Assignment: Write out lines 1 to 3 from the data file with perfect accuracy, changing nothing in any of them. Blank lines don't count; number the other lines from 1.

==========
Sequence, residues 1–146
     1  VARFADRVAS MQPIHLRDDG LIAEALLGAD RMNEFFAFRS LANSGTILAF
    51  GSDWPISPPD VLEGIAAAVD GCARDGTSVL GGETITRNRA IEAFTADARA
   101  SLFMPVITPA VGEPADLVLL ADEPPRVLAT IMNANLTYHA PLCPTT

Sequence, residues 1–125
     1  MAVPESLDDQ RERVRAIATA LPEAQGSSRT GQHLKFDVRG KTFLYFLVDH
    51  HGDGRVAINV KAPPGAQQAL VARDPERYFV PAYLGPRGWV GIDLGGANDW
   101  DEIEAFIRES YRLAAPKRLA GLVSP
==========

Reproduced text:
Sequence, residues 1–146
     1  VARFADRVAS MQPIHLRDDG LIAEALLGAD RMNEFFAFRS LANSGTILAF
    51  GSDWPISPPD VLEGIAAAVD GCARDGTSVL GGETITRNRA IEAFTADARA